Wilful defaulters’ impact on IBC

he low recovery through liquidation is not so much an indictment of the CIRP as it is of the monitoring and reform of borrower activity by the banks, the RBI and the Finance Ministry | Photo Credit: lakshmiprasad S

Wilful defaulters’ impact on IBC

They stripped or ran down assets to a degree where the liquidation value was a fraction of the claims of banks

Around a month ago, the Reserve Bank of India, in a controversial circular, reversed its long-standing policy of not allowing banks to arrive at compromise settlements with wilful defaulters or holders of fraudulent accounts. A wilful defaulter is defined as “a borrower who refuses to repay loans despite having the capacity to pay up,” and, a fraudster as “one who intentionally cheats the bank with false documents/information and misappropriates the money.”

Since the perpetrators of these criminal offences are clearly aiming to cheat banks of their money, they need to be proceeded under the law and their assets expropriated to give banks as much as the sums due to them as possible. A compromise settlement, on the other hand, is a negotiation-based agreement in which banks agree to forego a part of the sums legitimately due to them, in order to obtain some of the expected receipts and close the account at a loss.

Since the intention of these borrowers is clearly to defraud the bank, that sum can only be a small proportion of the original loan and accrued interest, or the price that needs to be paid to escape the law.

The RBI once forced banks to reveal the bad loans they held and concealed in the name of restructuring. Clearly, it is now opting for this indefensible and controversial policy change that calls on banks to submit to pressures from rogue borrowers, only because it is being required to do so by a government from which it claims to be independent.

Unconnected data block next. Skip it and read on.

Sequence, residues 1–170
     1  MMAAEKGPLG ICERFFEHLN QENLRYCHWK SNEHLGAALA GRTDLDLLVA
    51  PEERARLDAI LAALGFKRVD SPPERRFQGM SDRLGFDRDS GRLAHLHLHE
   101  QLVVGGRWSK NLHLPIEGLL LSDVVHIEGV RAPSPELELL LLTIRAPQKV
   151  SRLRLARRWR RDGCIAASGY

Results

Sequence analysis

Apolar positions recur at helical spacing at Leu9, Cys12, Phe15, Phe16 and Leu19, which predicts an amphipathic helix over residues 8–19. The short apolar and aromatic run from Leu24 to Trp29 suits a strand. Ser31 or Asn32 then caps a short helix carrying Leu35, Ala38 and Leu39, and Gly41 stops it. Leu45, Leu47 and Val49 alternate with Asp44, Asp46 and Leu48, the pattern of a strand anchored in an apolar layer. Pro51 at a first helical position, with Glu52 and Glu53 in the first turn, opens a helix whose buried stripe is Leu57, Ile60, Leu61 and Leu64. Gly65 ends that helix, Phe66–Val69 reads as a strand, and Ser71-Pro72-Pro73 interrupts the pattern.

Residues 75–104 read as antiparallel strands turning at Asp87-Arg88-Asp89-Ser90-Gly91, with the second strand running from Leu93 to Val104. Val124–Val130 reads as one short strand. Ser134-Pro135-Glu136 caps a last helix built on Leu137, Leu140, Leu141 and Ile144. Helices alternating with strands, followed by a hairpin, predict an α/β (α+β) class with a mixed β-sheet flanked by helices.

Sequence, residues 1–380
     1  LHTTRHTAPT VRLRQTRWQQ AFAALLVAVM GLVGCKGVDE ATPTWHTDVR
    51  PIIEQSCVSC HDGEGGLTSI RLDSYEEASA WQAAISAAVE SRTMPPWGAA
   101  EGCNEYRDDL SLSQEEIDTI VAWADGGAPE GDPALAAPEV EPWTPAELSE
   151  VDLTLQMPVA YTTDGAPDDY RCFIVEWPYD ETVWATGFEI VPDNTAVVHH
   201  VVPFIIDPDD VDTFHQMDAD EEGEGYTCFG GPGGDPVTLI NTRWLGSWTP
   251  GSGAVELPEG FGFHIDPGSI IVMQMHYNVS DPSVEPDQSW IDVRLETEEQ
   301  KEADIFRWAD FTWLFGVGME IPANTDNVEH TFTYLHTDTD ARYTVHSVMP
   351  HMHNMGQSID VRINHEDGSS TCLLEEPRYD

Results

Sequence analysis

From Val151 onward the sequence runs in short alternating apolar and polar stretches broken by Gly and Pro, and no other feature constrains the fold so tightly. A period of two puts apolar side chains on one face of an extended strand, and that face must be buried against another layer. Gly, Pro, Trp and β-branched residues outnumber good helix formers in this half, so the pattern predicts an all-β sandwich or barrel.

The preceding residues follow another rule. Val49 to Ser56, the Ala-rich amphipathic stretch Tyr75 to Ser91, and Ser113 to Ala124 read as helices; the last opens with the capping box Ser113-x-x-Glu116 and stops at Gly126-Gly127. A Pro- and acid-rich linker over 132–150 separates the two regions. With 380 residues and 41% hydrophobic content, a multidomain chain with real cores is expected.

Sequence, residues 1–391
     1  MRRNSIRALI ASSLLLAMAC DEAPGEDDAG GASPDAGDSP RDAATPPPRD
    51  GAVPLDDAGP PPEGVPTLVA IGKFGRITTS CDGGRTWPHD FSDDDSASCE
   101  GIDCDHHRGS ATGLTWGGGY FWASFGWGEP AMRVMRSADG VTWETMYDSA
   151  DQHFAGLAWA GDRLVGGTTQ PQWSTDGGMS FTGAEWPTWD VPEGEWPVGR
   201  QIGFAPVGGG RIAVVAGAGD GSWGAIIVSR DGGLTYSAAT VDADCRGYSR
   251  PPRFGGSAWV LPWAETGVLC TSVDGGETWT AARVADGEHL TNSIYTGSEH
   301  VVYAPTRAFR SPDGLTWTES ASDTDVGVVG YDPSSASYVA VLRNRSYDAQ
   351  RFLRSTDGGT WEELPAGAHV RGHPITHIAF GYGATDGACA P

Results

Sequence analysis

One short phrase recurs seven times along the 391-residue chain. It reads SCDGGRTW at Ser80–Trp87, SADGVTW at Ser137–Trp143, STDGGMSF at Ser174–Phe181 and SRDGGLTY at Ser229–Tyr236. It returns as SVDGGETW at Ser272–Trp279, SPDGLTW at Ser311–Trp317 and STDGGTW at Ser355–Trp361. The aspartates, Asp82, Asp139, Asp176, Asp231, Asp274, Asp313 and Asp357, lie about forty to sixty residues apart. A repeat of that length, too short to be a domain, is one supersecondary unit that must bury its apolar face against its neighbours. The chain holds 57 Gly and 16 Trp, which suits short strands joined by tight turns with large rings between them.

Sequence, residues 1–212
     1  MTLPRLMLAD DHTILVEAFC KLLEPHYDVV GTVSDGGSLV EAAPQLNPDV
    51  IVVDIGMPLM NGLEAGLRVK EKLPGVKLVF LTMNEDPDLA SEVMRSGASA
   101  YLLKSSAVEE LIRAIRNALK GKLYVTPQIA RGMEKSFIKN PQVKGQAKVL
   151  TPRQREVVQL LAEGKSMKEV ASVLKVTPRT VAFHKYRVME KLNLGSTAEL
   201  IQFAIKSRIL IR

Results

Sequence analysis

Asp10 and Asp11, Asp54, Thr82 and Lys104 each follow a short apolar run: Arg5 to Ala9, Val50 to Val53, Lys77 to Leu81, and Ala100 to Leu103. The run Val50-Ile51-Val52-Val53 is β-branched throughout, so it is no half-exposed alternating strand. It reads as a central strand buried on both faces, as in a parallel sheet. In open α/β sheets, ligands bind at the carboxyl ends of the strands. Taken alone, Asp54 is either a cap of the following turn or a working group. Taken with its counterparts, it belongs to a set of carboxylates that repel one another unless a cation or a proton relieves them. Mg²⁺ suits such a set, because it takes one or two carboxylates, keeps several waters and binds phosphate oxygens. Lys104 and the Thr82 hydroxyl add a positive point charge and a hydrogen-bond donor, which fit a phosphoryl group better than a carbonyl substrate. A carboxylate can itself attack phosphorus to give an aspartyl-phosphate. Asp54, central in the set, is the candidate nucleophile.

Significant sums

The sums involved are not small. According to data from credit information company Transunion Cibil, between December 2020 and December 2022, the number of wilful defaulter accounts increased from 12,911 involving a total sum of ₹2,45,888 crore to 15,778 accounts worth ₹3,40,570 crore. That’s a 22 per cent rise in the number of accounts and a 39 per cent increase in the sums involved in a short two-year period.

Corporate criminals seeking to defraud banks are displaying a new enthusiasm for their activity. Their confidence can only come from a belief that they can get away with it — an assessment that is validated by the RBI’s controversial circular.

This accommodating stance of the government and the RBI has implications for an assessment of the role of the Insolvency and Bankruptcy Code of 2016. This has been indefensibly hyped as an effective mechanism to strengthen the position of banks vis-à-vis debtors and to reduce the non-performing assets (NPAs) on the books of banks with minimal losses.

According to the most recent information available from the Insolvency and Bankruptcy Board of India (IBBI), between 2016-17 and 2022-23 there were 6,571 cases that were cleared for admission into the Corporate Insolvency Resolution Process (CIRP), of which 4,515 have been “closed” (Chart 1). Of these, 2,030 (45 per cent of the total) were not ‘resolved’ but sent for liquidation.